Qualified Charitable Distributions

Donating to charity is its own reward, but reaping the tax benefits is a nice added bonus. With the passing of the Tax Cuts and Jobs Act, nonprofits nationwide are keeping a close eye on how the new law may affect charitable giving. The new tax law significantly increases the standard deduction and changed many itemized deductions claimed on a Schedule A. The tax reform has led many to consider how much they give and the ways in which they do so.

One area where we are already seeing an upward trend is charitable giving through an Individual Retirement Account (IRA). Taxpayers who are over age 70 1/2 and are taking IRA distributions may direct up to $100,000 of these distributions to a qualified charitable organization, such as United Way of Greater Richmond & Petersburg. This direct-to-charity transfer reduces the income reportable from the IRA, in effect creating a deduction for the charitable gift without the need to itemize deductions.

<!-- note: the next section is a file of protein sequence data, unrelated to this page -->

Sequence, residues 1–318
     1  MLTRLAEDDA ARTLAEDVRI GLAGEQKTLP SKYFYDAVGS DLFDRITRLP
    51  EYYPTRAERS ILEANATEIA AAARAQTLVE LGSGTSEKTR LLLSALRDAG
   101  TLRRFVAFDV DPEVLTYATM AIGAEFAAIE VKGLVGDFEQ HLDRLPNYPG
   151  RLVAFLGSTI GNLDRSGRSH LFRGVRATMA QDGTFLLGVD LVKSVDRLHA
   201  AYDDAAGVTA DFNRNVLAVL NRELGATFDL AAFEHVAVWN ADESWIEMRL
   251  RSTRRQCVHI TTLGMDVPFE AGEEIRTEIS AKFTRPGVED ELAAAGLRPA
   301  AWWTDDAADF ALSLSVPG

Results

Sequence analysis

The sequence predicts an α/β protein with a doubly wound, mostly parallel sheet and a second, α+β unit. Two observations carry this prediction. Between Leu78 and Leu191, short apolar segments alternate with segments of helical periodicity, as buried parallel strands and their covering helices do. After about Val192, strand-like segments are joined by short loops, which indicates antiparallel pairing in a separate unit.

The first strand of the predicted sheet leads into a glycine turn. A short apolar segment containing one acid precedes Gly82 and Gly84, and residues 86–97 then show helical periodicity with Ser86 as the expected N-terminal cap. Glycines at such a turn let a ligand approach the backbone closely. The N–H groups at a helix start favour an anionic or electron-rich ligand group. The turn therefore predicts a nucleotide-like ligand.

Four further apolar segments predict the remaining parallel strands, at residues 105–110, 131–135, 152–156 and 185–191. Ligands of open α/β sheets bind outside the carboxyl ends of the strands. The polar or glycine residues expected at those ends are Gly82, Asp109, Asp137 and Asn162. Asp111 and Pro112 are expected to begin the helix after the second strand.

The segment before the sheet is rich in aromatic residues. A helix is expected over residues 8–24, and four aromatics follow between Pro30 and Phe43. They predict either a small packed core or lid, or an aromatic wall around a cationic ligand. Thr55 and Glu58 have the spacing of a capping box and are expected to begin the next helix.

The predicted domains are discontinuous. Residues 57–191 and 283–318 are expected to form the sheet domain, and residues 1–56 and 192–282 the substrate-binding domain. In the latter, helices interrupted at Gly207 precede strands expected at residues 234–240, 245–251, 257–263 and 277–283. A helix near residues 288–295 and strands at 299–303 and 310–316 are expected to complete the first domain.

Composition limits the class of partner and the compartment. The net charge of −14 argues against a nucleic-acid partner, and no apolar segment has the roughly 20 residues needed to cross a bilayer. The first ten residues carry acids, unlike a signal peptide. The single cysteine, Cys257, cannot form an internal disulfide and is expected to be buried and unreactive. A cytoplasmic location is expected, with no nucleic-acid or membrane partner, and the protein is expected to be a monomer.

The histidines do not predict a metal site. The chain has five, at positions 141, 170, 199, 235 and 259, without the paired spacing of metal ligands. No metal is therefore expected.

Donors might consider this option if they do not expect their itemized deductions to exceed the new standard deduction amount ($24,000 if married and filing jointly, $18,000 head of household and $12,000 single). This transfer counts towards fulfilling your annual required minimum IRA distribution.

Other options donors may wish to discuss with a financial advisor include “bunching” (giving a greater amount every other year rather than giving every year), utilizing donor-advised funds to receive an immediate tax break for the full donation and recommending grants over time, and changes to estate plans.

If you would like to discuss these changes and how they may impact your gift, please contact:

Samantha McCabe 
Manager of Leadership Giving
United Way of Greater Richmond & Petersburg